Like Ware, Clowes has an ability to capture ephemeral feelings with keen combinations of words and pictures. In a narrative on "the first really warm day of spring," the title character notes, "the streets are quiet and a lot of businesses are closed because of some obscure religious holiday, and I am buoyed by the innate human confidence that comes with fair weather." The close reader can really feel the short-sleeve weather in the accompanying suburban street scene. It's an achievement that is unmistakably literary in its execution. Of course, the comic-book authors of today grew up reading the classic comic books of yesterday. Both of these new books make cryptic references to Superman, the red-caped superhero who made so many anxious young lives more bearable with his invincible exploits. In his despair, the hero-less Jimmy Corrigan catches glimpses of a fellow in a Superman outfit, toppling from skyscraper ledges. And David Boring searches for clues from his own estranged father, a free-lance comic artist who once drew an issue for the "S____" series.

Subtle as it is, the work of these two young talents can be more powerful than a locomotice. Few examples of modern literature can leap so many tall buildings in a single bound.
—James Sullivan

Publishers Weekly - Publisher's Weekly
Critically lauded comics artist Clowes follows up his masterful Ghost World with this sometimes enticing, sometimes baffling, graphic novel about a postadolescent antihero. David Boring is one of Clowes's signature types--affectless, indifferent to his future and disdaining the small town he left behind. He shares an apartment in "the city" with Dot, a wisecracking lesbian friend, to whom he recounts his passionless, fetishistic sexual conquests; he falls in love with Wanda, a girl who's just his type, only to have her vanish. When Boring's visiting hometown acquaintance is murdered, he becomes the main suspect. Then Boring himself is shot in the head. Convalescing on the resort island where he spent part of his youth, Boring and the other vacationers find themselves stuck there indefinitely after terrorists' germ weapons render the mainland U.S. uninhabitable. One subplot concerns the Yellow Streak, a superhero comic that Boring's father drew long ago; another concerns the Eerie Boy, who keeps invading our antihero's dreams. Clowes (Eightball) alternates moving scenes of personal alienation and despair with bizarre transitions, portentous plot twists and an unconvincing mix'n'match of genres. Clowes's faux-na f drawing style is as effective as ever, and his fans will certainly enjoy it. The same fans may feel the ambitious narrative tries to do too many things at once. This is, however, serious and innovative work; and it's never boring. (Sept.) Copyright 2000 Cahners Business Information.|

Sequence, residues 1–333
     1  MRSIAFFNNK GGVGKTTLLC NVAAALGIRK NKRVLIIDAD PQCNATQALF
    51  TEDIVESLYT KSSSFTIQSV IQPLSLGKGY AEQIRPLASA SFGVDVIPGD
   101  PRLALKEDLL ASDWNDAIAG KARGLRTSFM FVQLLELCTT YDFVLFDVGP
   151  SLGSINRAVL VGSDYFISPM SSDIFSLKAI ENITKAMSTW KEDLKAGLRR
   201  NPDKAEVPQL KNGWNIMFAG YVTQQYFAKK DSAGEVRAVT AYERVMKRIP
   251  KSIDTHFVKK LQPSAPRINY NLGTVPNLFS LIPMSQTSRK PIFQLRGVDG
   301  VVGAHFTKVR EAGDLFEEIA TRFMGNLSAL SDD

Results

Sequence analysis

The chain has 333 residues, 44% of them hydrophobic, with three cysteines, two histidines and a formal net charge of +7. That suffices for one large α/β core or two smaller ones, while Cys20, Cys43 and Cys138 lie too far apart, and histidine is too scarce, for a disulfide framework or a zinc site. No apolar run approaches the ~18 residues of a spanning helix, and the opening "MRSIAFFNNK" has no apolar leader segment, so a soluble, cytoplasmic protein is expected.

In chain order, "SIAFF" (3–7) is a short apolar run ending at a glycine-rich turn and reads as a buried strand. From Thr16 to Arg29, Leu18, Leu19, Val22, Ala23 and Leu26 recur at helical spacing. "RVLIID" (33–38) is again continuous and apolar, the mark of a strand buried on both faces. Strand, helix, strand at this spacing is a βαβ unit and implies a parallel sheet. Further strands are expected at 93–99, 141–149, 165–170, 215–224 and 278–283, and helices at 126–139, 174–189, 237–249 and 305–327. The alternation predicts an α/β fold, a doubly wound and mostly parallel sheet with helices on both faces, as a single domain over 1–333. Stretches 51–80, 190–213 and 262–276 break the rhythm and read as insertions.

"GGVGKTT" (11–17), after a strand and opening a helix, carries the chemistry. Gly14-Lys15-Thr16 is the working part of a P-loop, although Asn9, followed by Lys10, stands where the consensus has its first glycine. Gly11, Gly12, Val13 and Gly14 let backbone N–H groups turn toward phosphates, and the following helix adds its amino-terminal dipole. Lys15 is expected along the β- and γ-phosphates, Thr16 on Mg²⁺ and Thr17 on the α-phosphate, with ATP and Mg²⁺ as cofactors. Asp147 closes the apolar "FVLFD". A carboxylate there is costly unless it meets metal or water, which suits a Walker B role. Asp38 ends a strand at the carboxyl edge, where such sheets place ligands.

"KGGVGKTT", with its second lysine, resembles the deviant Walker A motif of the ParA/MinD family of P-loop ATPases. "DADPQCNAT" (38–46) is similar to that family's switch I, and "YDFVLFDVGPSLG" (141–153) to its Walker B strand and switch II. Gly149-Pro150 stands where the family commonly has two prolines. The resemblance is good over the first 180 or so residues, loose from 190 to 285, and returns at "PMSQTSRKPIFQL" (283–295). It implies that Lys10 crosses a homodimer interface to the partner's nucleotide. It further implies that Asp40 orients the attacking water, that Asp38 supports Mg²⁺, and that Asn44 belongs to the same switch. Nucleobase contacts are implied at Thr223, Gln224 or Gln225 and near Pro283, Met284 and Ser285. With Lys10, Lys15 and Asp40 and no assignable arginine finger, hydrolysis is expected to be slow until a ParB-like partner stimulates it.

Time
Boring has proved itself a work that captures the feeling of being young and filled with ennui and living in America at the end of the 20th Century. For those interested in comic art's potential, Clowes's work offers exciting literary possibilities. Boring is Anything but.
Time Magazine
Boring finds love with a mysterious woman named Wanda, loses her and sort of finds her again. He also gets shot in the head (twice) and stranded on an island with his brutish family. Meanwhile the world may or may not be ending soon. And did I mention that much of this is hilariously funny?
Esquire
Clowes is a master storyteller and artist-there's poetry in every panel.
Vogue
No one has his eye-or ear-focused on youth as acutely as graphic novelist Daniel Clowes
Newsweek
Clowes is the country's premier underground cartoonist…a master storyteller and artist.
Village Voice
Clowes spells out the realities of teen angst as powerfully and authentically as Salinger did in Catcher in the Rye for an earlier generation.
Dave Eggers
What separates Clowes is the perfect interplay between his tightly controlled artwork, the empty . . . rage simmering just beneath it, and just below that, a strangely simple yearning for simple and solid things, like, say, love.
New York Times Book Review
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Product Details

  • ISBN-13: 9780224063234
  • Publisher: Cape, Jonathan Limited
  • Publication date: 5/28/2007

Meet the Author

Daniel Clowes was born in Chicago in 1961. He is the creator of the comic book Eight-Ball, twenty-one issues of which have been published to date. His work has appeared in Esquire, The New Yorker, Vogue, Time, and Newsweek, among others. A feature film based on his 1998 book, Ghost World, starring Thora Birch, will be released in 2001 by MGM. He lives a childless, petless life in California with his beloved wife.

From the Hardcover edition.

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Customer Reviews

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Sort by: Showing all of 2 Customer Reviews
  • Anonymous

    Posted April 10, 2001

    Pinnacle of Comic Book Achievement

    This graphic novel would serve best as evidence that comics are an intellectual asset. Both the prose and artwork complement one another perfectly and the motifs and underlying elements of this novel make it worth studying. Each of the main characters are complex and human even the secondary characters. However, I am able to understand how some people maybe offended by the content of this novel.

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  • Anonymous

    Posted August 30, 2009

    No text was provided for this review.